Plano Game Developer Calls Upon STEM ‘Superheroes’ in New Card Game

STEM: Epic Heroes is the first project from Hologrin Studios, a Plano independent game development studio. 

game developer

A Plano game developer is hoping its new card game will offer a fun way for young learners to get engaged in Science, Technology, Engineering, and Math and show that not all superheroes wear capes. 

From physicist and mathematician Isaac Newton to Satoshi Nakamoto, the name used by the unknown person who created the cryptocurrency bitcoin, STEM: Epic Heroes features prominent STEM figures throughout history who team up with players in a fast-paced journey to make discoveries. It’s the first project from Hologrin Studios, a Plano independent game development studio. 

The game’s inception can be traced back to a conversation Hologrin Studios board member and investor Jason Jones had with his son about two years ago. 

“Dad, scientists can’t be heroes,” Jones’ son said. 

With STEM: Epic Heroes, the Plano game developer wants players to learn that not all superheroes are valued for their physical strength. The powerful, real-life minds of Ada Lovelace, Nikola Tesla, and more have brought great change to the world. 

And, gamifying the learning process can help kids retain knowledge, Hologrin Studios CEO Court Simas said.

Hologrin Studios turned to Kickstarter to fund the STEM game reaching its $10,000 funding goal in about 12 hours.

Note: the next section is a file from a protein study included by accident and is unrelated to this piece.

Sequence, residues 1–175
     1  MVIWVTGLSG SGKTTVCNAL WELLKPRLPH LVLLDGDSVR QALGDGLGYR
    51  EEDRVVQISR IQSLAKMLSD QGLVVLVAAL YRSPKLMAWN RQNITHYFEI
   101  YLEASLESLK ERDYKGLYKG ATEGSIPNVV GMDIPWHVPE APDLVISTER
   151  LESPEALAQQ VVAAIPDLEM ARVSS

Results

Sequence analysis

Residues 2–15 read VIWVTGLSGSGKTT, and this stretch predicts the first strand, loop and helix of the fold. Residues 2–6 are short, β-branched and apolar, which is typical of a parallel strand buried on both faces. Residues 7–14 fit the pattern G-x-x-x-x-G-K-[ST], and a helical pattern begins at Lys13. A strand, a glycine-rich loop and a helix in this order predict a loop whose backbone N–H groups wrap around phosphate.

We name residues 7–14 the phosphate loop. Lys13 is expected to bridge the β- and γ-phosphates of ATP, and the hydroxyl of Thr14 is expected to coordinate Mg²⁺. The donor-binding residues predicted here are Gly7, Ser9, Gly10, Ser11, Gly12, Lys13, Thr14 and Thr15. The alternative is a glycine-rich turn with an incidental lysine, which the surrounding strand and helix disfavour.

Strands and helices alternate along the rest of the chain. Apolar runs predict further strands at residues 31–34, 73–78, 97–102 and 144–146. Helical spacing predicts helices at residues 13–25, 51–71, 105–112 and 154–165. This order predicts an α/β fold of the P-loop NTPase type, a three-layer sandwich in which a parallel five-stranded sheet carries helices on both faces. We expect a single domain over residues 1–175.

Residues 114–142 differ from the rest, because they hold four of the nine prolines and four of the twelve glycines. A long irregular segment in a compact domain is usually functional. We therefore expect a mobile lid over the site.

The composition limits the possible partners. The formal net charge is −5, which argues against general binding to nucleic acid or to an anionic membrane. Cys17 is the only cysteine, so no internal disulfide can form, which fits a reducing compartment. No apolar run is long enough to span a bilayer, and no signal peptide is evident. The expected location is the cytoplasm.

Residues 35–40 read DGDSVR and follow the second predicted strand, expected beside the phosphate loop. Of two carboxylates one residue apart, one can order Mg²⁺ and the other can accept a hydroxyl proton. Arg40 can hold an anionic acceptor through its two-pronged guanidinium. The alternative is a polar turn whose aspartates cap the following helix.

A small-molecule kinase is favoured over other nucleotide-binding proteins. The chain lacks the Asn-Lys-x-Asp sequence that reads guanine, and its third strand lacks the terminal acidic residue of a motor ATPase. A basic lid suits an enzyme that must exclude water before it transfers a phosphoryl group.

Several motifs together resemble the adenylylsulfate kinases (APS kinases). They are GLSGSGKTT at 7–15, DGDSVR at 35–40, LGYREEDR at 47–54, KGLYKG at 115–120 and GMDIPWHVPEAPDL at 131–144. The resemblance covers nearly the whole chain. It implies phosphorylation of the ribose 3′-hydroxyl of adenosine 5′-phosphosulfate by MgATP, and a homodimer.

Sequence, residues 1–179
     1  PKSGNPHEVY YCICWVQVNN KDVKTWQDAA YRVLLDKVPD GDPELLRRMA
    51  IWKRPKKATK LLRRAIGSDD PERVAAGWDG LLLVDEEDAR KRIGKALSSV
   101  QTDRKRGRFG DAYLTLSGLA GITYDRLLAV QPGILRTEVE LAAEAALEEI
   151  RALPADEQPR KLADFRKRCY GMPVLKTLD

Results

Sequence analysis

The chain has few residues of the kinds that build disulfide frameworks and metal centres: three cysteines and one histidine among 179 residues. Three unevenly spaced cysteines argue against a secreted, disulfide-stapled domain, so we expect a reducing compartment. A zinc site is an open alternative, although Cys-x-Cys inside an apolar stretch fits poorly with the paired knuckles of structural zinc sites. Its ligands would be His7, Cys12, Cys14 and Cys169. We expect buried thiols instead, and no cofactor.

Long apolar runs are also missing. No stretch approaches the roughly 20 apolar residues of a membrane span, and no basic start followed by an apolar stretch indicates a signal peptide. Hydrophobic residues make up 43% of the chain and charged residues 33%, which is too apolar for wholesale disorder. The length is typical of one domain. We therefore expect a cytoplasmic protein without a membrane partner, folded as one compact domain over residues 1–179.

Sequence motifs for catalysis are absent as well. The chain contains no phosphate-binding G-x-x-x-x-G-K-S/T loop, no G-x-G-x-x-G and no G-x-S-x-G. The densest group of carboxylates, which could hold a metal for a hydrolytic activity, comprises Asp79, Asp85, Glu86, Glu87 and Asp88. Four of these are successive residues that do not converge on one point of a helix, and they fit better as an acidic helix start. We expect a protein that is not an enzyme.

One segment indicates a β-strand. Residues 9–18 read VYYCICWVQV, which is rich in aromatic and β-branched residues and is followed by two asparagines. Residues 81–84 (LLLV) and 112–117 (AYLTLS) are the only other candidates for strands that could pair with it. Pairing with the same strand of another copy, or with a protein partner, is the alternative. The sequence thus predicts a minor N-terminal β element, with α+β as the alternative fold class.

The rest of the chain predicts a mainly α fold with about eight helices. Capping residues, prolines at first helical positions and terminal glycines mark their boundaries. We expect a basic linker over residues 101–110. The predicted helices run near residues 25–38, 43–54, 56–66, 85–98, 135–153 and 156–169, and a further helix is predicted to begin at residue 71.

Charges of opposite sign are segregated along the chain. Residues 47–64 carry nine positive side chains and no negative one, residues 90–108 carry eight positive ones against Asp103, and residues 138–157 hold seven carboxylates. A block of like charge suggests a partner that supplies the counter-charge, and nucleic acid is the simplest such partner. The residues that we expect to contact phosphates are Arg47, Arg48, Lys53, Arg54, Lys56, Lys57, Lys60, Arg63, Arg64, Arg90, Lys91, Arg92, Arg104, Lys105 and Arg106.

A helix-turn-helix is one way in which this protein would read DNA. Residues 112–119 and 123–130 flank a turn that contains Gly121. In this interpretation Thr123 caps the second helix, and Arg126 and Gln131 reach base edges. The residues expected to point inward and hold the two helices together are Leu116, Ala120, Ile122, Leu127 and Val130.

Simas and fellow co-founders Aaron Hanna and Steven Schobert left jobs in the tech field to start a studio focused on mobile games. While STEM: Epic Heroes may still have a digital version, they decided to develop it initially as a card game because of the potential to reach more people even outside the U.S.

“While every child I know here over the age of 10 has a mobile device of some sort, that’s not the case in a lot of countries overseas,” said Simas, who previously co-founded the Dallas design, development, and product strategy agency, Oven Bits.

A card game also has a lower financial requirement than a mobile game, which could cost in the six figures, Simas said. 

Hologrin Studios turned to Kickstarter to fund the STEM game reaching its $10,000 funding goal in about 12 hours. By the end of the campaign this month, it had raised $105,470 from 2,836 backers.

Simas contributed the success partly to capturing the attention of social influencers in the STEM communities. By the second day of the campaign, it had more than 2,000 shares on Facebook. 

“We had a really warm reception. A lot better than we anticipated,” Simas said. 

“We care a lot about what we produce and the impact it has, so we’re being very methodical with what we produce and the time, care, and attention we put into it.”

Court Simas

He said the funds will be used to finish out game development and put it on track to be printed and in the hands of players by the first quarter of 2018. 

Hologrin Studios is creating a book featuring the STEM figures highlighted in the card game and also has some separate mobile projects in the works. 

Simas wants to focus on quality not quantity and will create games that have some sort of altruistic nature and value. 

“We care a lot about what we produce and the impact it has, so we’re being very methodical with what we produce and the time, care, and attention we put into it,” Simas said. 

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